When is mood reactivity in children a good thing? Adaptive effects of mood reactivity to disruptive behavior

Herres, Joanna
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University of Delaware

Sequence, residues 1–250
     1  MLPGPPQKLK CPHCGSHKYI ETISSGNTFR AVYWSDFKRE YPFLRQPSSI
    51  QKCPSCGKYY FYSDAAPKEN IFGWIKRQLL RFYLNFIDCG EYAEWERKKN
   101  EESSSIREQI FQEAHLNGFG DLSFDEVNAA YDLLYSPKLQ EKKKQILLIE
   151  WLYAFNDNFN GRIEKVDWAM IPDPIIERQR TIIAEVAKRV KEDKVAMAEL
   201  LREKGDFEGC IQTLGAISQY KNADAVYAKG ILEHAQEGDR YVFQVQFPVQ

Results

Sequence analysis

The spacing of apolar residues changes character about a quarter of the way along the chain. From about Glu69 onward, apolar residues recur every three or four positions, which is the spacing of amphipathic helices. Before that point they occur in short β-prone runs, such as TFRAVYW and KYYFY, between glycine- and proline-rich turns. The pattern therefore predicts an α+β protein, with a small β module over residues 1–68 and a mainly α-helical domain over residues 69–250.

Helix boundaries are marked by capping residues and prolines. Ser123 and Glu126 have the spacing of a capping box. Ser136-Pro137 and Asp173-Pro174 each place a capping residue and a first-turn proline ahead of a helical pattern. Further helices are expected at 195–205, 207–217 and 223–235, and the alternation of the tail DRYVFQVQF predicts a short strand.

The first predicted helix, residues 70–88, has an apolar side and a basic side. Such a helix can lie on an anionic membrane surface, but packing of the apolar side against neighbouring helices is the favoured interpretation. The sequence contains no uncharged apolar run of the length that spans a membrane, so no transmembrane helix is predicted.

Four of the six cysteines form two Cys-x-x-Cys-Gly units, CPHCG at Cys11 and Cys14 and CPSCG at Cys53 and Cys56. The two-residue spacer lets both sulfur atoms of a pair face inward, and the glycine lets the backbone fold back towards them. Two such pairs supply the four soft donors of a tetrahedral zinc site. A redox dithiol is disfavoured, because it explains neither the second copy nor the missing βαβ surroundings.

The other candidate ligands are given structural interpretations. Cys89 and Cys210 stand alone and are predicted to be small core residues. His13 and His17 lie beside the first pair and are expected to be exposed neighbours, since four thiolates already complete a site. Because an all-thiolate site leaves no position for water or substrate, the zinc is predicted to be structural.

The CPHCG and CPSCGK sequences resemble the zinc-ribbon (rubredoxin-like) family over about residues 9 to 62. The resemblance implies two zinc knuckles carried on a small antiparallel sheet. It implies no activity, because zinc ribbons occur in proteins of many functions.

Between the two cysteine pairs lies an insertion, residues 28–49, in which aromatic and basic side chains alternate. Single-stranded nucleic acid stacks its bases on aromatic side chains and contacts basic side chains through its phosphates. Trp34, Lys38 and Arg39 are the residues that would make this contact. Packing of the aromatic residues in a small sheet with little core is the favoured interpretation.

The goal of this study was to examine between student differences in mood reactivity to three types of negative events during the school day: disruptive behavior, peer victimization, and academic stress in a sample of 233 fourth and fifth grade children. We hypothesized that mood reactivity to disruptive behavior would have adaptive consequences in reducing future disruptive behavior. Conversely, mood reactivity to disruptive behavior, victimization, and academic stress was expected to increase vulnerability for future depressive symptoms. The results show differential patterns of moderation and outcome for the three types of reactivity. Students with high levels of anxiety/sadness were more reactive to daily fluctuations in disruptive behavior, whereas more disruptive students were less reactive to disruptive behavior. Students’ emotional reactivity to their disruptive behavior was also associated with less future disruptive behavior. The results suggest that mood reactivity to disruptive behavior may have a positive impact on child adjustment.